For years, I made my famous chicken salad for friends and family. When a neighbor had surgery, I was there with chicken salad in hand. When my mother-in-law came to visit, I served this lovely dish with buttery croissants and her favorite dessert. At church dinners, I’d strategically lurk near my bowl of chicken salad to hear all the compliments like “It’s so delicious. I wonder who made this…”
The Original Secret Ingredient
I told everyone the secret was in my dressing, but I smugly thought my secret ingredient was love. I deeply loved all of these people, and I wanted them to feel loved. Unfortunately, that is a huge responsibility to put on such a humble dish of chicken.
Worse than that, I was putting even more pressure on mysel. I thought to be loved I had to first show love. Sounds more like earning love, doesn’t it? I might have added love to my dish, but while it sat there on the table waiting, my love turned into expectations. Those expectations quickly soured.
Was I Giving to Get Back?
To be fair, I didn’t know I had expectations. I really just wanted to be loved. I thought I was being a “good” friend, daughter, neighbor, and Christian by putting others first and following the golden rule. Ironically, my religious upbringing focused so much on others that I missed a bigger concept – Love your neighbors as yourself.
Many times, I would make my most delicious salad and not save any for me or my family. I was doing the same thing with love. I was serving love to everyone else and starving myself, and it doesn’t take long for unidentified expectations to turn into resentment. Hurt and still looking for love, I quit making my chicken salad.
The New Improved Secret Ingredient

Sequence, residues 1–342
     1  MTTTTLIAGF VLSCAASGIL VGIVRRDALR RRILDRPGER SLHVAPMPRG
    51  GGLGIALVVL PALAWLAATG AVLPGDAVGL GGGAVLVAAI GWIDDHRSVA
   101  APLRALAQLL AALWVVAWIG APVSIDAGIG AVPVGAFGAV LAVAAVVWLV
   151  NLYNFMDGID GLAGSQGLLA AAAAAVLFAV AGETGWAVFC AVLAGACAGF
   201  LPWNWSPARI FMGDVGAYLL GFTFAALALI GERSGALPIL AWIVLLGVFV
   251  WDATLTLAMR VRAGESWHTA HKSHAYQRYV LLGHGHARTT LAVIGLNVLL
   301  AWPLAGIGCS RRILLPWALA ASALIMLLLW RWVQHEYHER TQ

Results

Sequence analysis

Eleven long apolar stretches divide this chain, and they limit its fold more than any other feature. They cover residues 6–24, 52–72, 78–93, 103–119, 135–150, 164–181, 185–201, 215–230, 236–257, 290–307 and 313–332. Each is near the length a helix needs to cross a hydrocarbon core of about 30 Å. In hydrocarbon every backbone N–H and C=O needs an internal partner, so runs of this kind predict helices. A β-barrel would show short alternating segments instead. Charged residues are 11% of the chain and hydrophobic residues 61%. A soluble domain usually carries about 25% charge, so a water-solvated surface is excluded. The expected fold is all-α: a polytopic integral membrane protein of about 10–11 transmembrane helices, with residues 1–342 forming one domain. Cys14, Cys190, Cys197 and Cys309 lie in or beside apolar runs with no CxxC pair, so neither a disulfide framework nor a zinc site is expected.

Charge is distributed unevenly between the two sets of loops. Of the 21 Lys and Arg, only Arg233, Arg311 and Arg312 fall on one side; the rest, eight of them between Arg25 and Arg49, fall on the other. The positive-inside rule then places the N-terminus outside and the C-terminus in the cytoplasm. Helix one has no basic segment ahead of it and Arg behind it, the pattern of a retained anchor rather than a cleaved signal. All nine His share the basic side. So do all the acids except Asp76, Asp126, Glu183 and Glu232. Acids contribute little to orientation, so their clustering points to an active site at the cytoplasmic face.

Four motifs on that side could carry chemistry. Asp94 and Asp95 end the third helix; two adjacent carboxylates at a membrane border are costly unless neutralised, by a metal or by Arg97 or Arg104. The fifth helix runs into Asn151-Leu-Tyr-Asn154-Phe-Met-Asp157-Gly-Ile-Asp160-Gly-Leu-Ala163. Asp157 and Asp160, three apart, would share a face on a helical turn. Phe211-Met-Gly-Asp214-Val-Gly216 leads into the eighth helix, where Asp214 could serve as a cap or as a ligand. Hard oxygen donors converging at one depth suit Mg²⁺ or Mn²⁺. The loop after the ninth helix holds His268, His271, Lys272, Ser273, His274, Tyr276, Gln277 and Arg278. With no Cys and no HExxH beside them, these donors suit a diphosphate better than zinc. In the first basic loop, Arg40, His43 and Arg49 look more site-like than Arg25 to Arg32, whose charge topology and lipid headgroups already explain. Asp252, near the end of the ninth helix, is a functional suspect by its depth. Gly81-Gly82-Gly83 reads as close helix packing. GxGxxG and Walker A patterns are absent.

A few months ago, I dusted off my recipe card and made this salad for my Celebrate Recovery family, and last week, I made a batch for my son’s teachers. Thanks to recovery, I’ve made two important changes to the recipe, which make the salad even better. First, I serve this salad with gratitude instead of attitude. I no longer offer up this dish or any other with expectations of approval or love. Second, I make sure my little family enjoys the first serving. I am learning to take care of myself first. Wise friends in recovery tell me, “Self-care isn’t selfish.”
Co-Dependent’s Chicken Salad
- 40 ounces boneless, skinless chicken breasts (thawed)
- 1 stick of butter
- 5 stalks celery
- 1 cup chopped pecans
- 1 medium onion
- 2 cups seedless grapes
- ¼ cup honey
- ½ cup Dijon mustard
- ½ cup Ranch dressing
Add the stick of butter and chicken to a large skillet and cook on medium high heat until chicken is cooked through and a golden brown. Let chicken cool then cut into small chunks. Wash celery, grapes, and onion. Chop celery and onions into small chunks. If grapes are large, cut them in half. I prefer to use red grapes and a red onion because it makes for a prettier presentation.
Mix the honey, Dijon mustard, and Ranch dressing into a small bowl and then stir into salad. Serve with crackers, croissants, or Hawaiian rolls.
Want more of Pam’s delicious recipes seasoned with recovery tools? Check out our cookbook, the Codependent in The Kitchen.